Community transmission of COVID-19 may have peaked, but new modeling from Ontario’s science table warns that hospital occupancy is “expected to continue to climb for some time” and may approach levels seen during the pandemic’s fifth wave this winter.
According to updated forecasts issued by the group of scientists and epidemiologists advising the Ford government on its pandemic response, the number of Ontarians hospitalized with COVID-19 might exceed 3,000 by May in the most likely scenario.
According to the experts, under a gloomier scenario, more than 4,000 individuals could be hospitalized with COVID-19 by May, nearing the peak of 4,183 persons hospitalized with COVID-19 in mid-January.
The table is also projecting that the number of COVID patients taking up ICU beds will rise but it says that the ultimate peak will likely be lower than during the Omicron-fueled fifth wave of the pandemic.
The most likely scenario would see about 500 patients in intensive care with COVID by May, according to the table. The worst case scenario, meanwhile, would see more than 600 people in the ICU with COVID-19 by May. In January, the number of people in the ICU peaked at 626.
“We really have a lot of uncertainty here and we’re not completely sure how this will play out,” Dr. Peter Jüni, the scientific director of the table, told CP24 on Thursday afternoon. “We are relatively confident that the hospital and ICU occupancy should be likely be lower this time than last time and that helps. But there’s a caveat. The caveat is you have again a lot of healthcare workers knocked out (by infection), about the same level as last time during the Omicron wave and that will increase the strain for the healthcare system.”
The latest projections paint a much more alarming picture than modelling released by the table last month, which estimated that there would be about 800 COVID patients in hospital by May as well as another 300 in the ICU.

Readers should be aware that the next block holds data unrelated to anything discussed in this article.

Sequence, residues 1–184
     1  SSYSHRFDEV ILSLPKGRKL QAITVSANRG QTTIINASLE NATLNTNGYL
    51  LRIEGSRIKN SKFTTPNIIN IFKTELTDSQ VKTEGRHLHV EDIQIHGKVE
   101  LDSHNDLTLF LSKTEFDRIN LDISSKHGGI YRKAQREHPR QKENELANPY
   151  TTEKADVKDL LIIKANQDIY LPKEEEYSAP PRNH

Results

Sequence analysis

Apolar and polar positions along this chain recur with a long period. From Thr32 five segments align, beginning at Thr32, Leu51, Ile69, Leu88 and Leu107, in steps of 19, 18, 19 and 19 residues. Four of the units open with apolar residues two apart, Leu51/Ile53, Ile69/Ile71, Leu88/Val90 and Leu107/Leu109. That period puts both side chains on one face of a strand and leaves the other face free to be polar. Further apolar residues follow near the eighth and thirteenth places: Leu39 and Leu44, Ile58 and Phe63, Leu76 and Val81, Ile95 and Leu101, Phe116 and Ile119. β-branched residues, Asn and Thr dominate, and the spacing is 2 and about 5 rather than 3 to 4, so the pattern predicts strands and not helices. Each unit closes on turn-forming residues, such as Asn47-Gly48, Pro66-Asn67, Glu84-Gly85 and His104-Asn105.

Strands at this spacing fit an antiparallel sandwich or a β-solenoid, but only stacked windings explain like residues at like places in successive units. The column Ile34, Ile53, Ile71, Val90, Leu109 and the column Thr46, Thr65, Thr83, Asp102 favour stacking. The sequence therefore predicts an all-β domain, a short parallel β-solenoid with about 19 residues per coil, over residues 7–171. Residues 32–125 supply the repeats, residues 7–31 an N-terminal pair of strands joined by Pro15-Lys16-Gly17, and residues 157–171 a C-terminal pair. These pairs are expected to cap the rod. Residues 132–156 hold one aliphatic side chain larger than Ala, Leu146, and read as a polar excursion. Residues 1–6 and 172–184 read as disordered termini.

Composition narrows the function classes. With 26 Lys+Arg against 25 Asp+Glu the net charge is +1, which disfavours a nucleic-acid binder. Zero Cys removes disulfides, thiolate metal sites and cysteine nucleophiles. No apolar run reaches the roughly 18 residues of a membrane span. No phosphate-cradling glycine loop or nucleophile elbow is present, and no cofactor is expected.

That, however, was before Ontario lifted the mask mandate in most settings, along with a number of other public health restrictions.
It also pre-dated the more infectious BA.2 subvariant becoming dominant in Ontario, which the science table now estimates occurred sometime around March 10.
In a presentation accompanying the latest figures, the science table said that masking in indoor areas “will substantially reduce the risk of getting and spreading COVID-19 as will improvements to ventilation.”
The table does not explicitly call for the return of an outright mask mandate but Jüni told CP24 that he would like to see masks required in schools given the rise in transmission.
“I would personally think most of my colleagues or all of my colleagues at the science table would probably welcome a mask mandate in school indeed,” Jüni said. “Why? We are still in a really challenging situation. We have probably about five per cent of the population right now infected by COVID and this is, of course, also reflected in schools. It probably wouldn’t hurt to go beyond strong recommendations there. But I know that there are also political considerations and that is beyond my role.”